In the past few years “post truth” has become such a widespread phenomenon, making it seem that realpolitik is the new standard for policymaking. At the same time the instruments for creating evidence for policymakers have tremendously grown with the introduction of Big Data and the development of algorithms for generating new insights. Another widespread development is the use of behavior insights in order to enhance the effectiveness of policy instruments.
Evidence for the effectiveness of new policy interventions is often related to the evaluation of policymaking. National Statistical Offices and many other governmental agencies play a role here. Evidence may also be used for the prediction of the effectiveness of new policies. In the Netherlands, the Policy Analysis Agencies (Plan Bureaus) have gained a special reputation to generate broadly accepted calculations which predict the effectiveness of political programs. Behavior Insight Teams in different parts of the world also have gained a reputation in creating well substantiated instruments to predict and enhance the effectiveness of policy interventions.
In all of these processes of shaping evidence informed policymaking, scientists from all kind of disciplines, whether it is data science, statistics, policy research, behavioral sciences or a structured way of fact checking, play a crucial role to substantiate the development of policies. These processes for a sound substantiation for policymaking are a main contribution to more effective and predictable policies, if well organized.
Organizing evidence for policy
The way that evidence for policy is organized, differs strongly per country or region in the world. In the Anglo-Saxon culture we see Chief Government scientists, organizing the impact of science form inside the Ministries. In 2010, the UK Prime Minister has successfully launched its What Works Networks with their related Behavior Insight Teams. In the US, we have seen What Works Cities and the “data for evidence” initiatives, started at the White House. Moreover, in January 2019, the US federal government has signed into law the “Foundations for Evidence-Based Policymaking Act”. In the European Union in 2016, the Science Advice mechanism has evolved and Joint Research Centres play a role. The Netherlands has its Central Policy Analysis Agencies. In Singapore we see a National Research Council, housed at the Prime Minister’s Office.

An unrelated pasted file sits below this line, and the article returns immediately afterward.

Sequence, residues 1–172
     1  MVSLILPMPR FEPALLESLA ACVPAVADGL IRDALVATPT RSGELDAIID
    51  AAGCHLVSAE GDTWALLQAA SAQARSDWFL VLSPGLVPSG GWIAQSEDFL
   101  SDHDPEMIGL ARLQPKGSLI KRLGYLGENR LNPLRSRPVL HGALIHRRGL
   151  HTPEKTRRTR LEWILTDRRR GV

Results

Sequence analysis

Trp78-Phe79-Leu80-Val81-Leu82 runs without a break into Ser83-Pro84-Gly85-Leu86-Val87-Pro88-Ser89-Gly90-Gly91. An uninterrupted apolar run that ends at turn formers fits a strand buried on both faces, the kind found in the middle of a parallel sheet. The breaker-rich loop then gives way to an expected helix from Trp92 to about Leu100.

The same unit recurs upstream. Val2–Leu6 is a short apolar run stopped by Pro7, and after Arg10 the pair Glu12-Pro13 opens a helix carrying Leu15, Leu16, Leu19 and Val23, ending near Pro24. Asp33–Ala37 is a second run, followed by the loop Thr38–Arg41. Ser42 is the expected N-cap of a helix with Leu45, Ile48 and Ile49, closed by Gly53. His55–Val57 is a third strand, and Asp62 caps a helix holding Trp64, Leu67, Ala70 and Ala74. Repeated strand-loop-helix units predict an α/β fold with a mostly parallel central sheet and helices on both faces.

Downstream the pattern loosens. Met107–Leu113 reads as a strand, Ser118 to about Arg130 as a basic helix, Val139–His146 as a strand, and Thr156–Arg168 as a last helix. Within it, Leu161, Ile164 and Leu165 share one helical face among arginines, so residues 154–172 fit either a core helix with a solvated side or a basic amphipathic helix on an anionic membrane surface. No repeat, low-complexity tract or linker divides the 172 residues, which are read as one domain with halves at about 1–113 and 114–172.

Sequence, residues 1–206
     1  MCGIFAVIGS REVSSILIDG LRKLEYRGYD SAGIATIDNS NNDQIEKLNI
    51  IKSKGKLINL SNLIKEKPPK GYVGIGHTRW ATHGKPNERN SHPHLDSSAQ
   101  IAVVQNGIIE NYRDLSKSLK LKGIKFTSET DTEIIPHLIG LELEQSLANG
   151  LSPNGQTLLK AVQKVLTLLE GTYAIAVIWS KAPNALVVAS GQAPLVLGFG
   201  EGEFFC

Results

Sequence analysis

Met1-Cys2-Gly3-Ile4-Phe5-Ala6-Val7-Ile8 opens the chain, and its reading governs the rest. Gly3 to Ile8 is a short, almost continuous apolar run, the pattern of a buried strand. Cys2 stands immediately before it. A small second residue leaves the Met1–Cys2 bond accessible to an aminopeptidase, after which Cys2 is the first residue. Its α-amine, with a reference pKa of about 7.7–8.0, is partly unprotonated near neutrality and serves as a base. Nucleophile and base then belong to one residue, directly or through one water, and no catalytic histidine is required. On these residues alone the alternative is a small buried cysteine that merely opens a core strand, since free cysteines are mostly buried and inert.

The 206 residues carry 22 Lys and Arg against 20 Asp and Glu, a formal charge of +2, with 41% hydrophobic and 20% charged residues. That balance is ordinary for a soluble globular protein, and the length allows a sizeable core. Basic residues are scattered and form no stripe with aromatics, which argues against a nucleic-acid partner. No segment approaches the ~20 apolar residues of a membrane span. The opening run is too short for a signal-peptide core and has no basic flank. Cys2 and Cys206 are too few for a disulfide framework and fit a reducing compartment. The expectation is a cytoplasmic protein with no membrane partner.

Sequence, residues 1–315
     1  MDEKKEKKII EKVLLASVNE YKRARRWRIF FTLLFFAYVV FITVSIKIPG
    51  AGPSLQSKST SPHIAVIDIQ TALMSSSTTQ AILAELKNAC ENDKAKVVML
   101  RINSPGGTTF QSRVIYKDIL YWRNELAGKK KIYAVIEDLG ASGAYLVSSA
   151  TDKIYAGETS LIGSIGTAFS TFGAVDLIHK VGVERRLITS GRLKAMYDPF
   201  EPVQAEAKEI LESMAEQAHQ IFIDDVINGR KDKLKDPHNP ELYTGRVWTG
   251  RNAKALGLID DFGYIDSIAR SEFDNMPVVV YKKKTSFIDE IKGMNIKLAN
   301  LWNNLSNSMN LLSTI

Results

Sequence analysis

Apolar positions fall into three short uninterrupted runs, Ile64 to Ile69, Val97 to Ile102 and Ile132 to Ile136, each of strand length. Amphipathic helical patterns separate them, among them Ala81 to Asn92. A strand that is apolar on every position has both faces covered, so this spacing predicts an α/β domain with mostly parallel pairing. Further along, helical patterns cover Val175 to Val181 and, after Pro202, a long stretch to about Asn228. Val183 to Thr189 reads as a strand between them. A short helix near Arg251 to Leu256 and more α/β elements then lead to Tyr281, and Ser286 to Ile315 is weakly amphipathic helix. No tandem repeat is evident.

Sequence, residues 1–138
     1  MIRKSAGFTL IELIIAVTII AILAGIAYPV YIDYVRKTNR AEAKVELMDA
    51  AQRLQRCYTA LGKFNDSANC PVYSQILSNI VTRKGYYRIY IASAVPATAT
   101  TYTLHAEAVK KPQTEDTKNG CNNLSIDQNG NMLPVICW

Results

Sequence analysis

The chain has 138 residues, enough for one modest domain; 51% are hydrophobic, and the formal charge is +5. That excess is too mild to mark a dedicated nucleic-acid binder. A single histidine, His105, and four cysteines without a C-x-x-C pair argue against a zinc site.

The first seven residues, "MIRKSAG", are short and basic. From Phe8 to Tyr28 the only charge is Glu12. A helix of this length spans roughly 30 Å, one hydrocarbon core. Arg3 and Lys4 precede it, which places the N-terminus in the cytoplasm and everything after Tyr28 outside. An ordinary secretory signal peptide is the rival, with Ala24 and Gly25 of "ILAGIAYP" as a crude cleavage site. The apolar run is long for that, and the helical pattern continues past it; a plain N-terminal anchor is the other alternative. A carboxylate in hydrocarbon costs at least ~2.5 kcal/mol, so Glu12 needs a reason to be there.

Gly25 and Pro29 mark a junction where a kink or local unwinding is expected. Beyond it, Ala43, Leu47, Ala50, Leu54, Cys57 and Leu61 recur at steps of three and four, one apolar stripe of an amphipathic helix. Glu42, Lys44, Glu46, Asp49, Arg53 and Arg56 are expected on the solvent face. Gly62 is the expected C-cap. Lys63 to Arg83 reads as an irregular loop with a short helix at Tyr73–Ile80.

Especially in democracies, evidence for policy is needed and needs to be robust. Bringing together the managers of these processes will create new insights and mutual benefits. This conference has the aim to bring together these experts worldwide to learn which methods and instruments can be applied for which situations and how they may improve the quality of evidence provided.
The Conference in The Hague